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The Role of Virtual Design Tools on Knowledge Replication and Recombination: An Empirical Investigation

Listed author(s):
  • Antonino Vaccaro

    (Instituto Superior Técnico of Lisbon, Portugal and Department of Engineering and Public Policy Carnegie Mellon University, USA.)

  • Stefano Brusoni

    (CESPRI & CRORA, Bocconi University, Milan, Italy.)

  • Francisco Veloso

    (Department of Engineering and Public Policy, Carnegie Mellon University, USA and Universidade Católica Portuguesa – FCEE, Portugual.)

This paper analyzes the contribution of Virtual Design Tools (VDTs) to the processes of knowledge replication and recombination in the context of product innovation. On the basis of an in depth case study of two automotive firms engaged in two comparable new product development projects, we show that knowledge replication can occur in two distinct ways, namely through simplification and deepening of existing knowledge. By knowledge simplification we mean the selection and isolation of a specific part of the body of technological knowledge associated with the architectural functions of a multi- component system. By knowledge deepening we mean the decomposition of a knowledge packet in units of smaller dimension. We argue that the processes of knowledge simplification and knowledge deepening drive to very different innovation approaches that in turn have different competitive implications for small and large firms.

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Paper provided by KITeS, Centre for Knowledge, Internationalization and Technology Studies, Universita' Bocconi, Milano, Italy in its series KITeS Working Papers with number 198.

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Length: pages 42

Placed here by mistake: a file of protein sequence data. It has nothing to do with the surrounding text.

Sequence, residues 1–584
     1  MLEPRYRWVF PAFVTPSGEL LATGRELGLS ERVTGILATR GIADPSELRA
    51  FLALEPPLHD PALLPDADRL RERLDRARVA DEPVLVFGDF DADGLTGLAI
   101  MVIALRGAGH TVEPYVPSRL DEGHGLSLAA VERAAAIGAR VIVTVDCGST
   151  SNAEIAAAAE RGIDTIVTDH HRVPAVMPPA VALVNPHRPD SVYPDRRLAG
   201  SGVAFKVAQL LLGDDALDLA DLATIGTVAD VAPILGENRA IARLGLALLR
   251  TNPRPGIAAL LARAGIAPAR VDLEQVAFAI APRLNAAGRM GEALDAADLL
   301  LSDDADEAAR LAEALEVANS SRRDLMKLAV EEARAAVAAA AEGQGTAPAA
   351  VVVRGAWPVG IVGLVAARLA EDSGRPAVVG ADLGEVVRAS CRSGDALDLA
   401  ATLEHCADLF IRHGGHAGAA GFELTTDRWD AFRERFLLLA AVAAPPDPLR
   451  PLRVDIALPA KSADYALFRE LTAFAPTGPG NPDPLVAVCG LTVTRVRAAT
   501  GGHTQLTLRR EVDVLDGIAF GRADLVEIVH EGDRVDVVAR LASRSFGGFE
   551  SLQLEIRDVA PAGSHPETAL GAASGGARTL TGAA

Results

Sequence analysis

Date of creation: Feb 2007
Date of revision: Feb 2007
Handle: RePEc:cri:cespri:wp198
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  1. D'Adderio, Luciana, 2001. "Crafting the virtual prototype: how firms integrate knowledge and capabilities across organisational boundaries," Research Policy, Elsevier, vol. 30(9), pages 1409-1424, December.
  2. Argote, Linda & Ingram, Paul, 2000. "Knowledge Transfer: A Basis for Competitive Advantage in Firms," Organizational Behavior and Human Decision Processes, Elsevier, vol. 82(1), pages 150-169, May.
  3. Salter, Ammon & Gann, David, 2003. "Sources of ideas for innovation in engineering design," Research Policy, Elsevier, vol. 32(8), pages 1309-1324, September.
  4. Becker, Markus C. & Salvatore, Pasquale & Zirpoli, Francesco, 2005. "The impact of virtual simulation tools on problem-solving and new product development organization," Research Policy, Elsevier, vol. 34(9), pages 1305-1321, November.
  5. Bruno Dyck & Frederick A. Starke & Gary A. Mischke & Michael Mauws, 2005. "Learning to Build a Car: An Empirical Investigation of Organizational Learning," Journal of Management Studies, Wiley Blackwell, vol. 42(2), pages 387-416, March.
  6. Andrea Prencipe & Stefano Brusoni, 2005. "Making Design Rules: A Multi-Domain Perspective," SPRU Working Paper Series 136, SPRU - Science and Technology Policy Research, University of Sussex.
  7. Ulrich, Karl, 1995. "The role of product architecture in the manufacturing firm," Research Policy, Elsevier, vol. 24(3), pages 419-440, May.
  8. Kreiner, Kristian & Tryggestad, Kjell, 2002. "The co-production of chip and society: unpacking packaged knowledge," Scandinavian Journal of Management, Elsevier, vol. 18(3), pages 421-449, September.
  9. Linda Argote & Sara L. Beckman & Dennis Epple, 1990. "The Persistence and Transfer of Learning in Industrial Settings," Management Science, INFORMS, vol. 36(2), pages 140-154, February.
  10. Arora, Ashish & Gambardella, Alfonso, 1994. "The changing technology of technological change: general and abstract knowledge and the division of innovative labour," Research Policy, Elsevier, vol. 23(5), pages 523-532, September.
  11. Baba, Yasunori & Nobeoka, Kentaro, 1998. "Towards knowledge-based product development: the 3-D CAD model of knowledge creation," Research Policy, Elsevier, vol. 26(6), pages 643-659, February.
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  1. Studies on the automobile industry

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